- Google Preview -- This puts a little thumbnail of the webpage next to every google search result. Saves a ton of time, especially on slow connections.
- Adblock -- This blocks ads on web pages. Also install the filterset. With those two combined, it automatically removes ads from web pages, including most flash ads.
- IE Tab -- This lets you open an Internet Explorer window right in firefox! Simply by clicking a little icon on the bottom of the browser window! This is great for those annoying sites that don't look right in Firefox.
- SessionSaver -- If you use tabbed browsing (which everyone should! It's the best part of Firefox), then use this, and it will save all of your open tabs and firefox windows when you close them or if your computer crashes, when you open firefox again, BAM all of your pages are loaded! Way cool!
5. Now these extensions are great, and I like them, but they're not for everyone. They require some configuring, but can be really useful if you're a Firefox superuser like myself:
- Download Statusbar -- This replaces the annoying Firefox download window with a neat bar on the bottom of the browser. If you do alot of downloading, this is definitely a must.
- Tab Mix Plus -- This lets you completely configure how your tabs work! It requires some configuring, but if you're always using tabs like myself, then it's worth the effort. I have mine set up to switch to a tab when my mouse is hovering over it, and to open a new one when I double click anywhere on the tab bar. NOTE: This also has a session saver feature, but I like the one in the SessionSaver extension better. It's probably a good idea to disable this feature in Tab Mix Plus, as they probably conflict.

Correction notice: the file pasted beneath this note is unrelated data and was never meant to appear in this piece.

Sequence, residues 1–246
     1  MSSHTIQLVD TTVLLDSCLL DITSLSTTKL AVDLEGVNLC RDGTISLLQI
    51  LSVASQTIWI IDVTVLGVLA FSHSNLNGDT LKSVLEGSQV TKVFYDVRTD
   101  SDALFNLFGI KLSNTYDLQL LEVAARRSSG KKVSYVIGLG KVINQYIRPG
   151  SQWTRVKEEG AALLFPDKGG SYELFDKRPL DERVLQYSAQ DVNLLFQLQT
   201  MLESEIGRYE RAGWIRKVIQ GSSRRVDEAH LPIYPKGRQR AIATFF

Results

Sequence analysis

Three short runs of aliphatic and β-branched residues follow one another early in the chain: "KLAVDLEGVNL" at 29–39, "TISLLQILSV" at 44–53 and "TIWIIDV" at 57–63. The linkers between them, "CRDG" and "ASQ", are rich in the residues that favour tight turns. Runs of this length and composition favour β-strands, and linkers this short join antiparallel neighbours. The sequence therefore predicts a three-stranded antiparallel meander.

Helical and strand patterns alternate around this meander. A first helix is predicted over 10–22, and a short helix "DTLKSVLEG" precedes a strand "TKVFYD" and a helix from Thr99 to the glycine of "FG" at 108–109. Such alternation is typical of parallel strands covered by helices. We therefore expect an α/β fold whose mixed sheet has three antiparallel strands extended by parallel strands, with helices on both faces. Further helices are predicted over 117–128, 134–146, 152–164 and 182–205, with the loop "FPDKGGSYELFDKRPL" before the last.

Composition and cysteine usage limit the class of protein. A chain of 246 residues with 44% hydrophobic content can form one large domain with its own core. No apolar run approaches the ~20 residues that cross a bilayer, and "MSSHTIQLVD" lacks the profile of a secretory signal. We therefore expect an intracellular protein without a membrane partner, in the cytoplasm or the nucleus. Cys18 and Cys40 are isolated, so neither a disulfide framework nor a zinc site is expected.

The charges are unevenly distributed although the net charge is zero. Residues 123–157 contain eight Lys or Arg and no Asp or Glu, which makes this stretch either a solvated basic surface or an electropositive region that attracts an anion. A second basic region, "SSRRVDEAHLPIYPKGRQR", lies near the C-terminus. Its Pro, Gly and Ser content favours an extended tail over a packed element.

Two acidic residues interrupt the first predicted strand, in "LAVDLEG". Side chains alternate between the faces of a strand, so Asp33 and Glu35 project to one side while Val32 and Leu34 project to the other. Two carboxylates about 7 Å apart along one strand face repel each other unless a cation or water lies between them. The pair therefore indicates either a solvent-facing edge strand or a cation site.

- Hyperwords -- This one walks the line of super useful and extremely annoying. Whenever you select text, or press a predefined hotkey or the likes, it opens a menu that allows you to do a ton of stuff with the highlighted text (search for it, map it, use it as a tracking number on UPS or a similar site, etc., etc.) I still haven't decided if I'll keep this one, because it gets in my way sometimes, but it has also proved useful.
- PDF Download -- If you find yourself opening alot of PDFs online, then this should come in handy. It lets you choose what to do with a PDF when you click on a link to one (save it, open it in a browser window, etc.)
Well that's it! After you install the extensions, restart firefox for them to load. If you do a bunch at once, you will probably be bombarded with configuration windows, the first group of extensions don't require much, if any, configuring, but the second group's configs should at least be clicked through to make sure the defaults suit you. To access the configuration windows for the extensions, go to Tools>>Extensions, right click on the extension, and select "Options". Some extensions put their options right in the Tools menu, so you can look there, too.
If you installed an extension and are not sure how to use it, check out its options, or also look on the bottom of the firefox window, as alot of extensions install small icons there to use them. For example, the IE Tab extension puts a little firefox icon on the bottom, when you click it, it reloads the current page in Internet Explorer and the icon changes to the infamous IE logo, the reverse happens if you click it again.
If you followed these instructions, you are now using one of the most tricked out browsers on the net! Extensions don't slow down Firefox too much, but it's best not to have ones you don't use, so if you realize that you're not using one, just go to Tools>>Extensions, right click on the extension, and either Disable it or Uninstall it. (The former is good to see if you can live without it, and the latter is good if you know you can!)
Take back the web!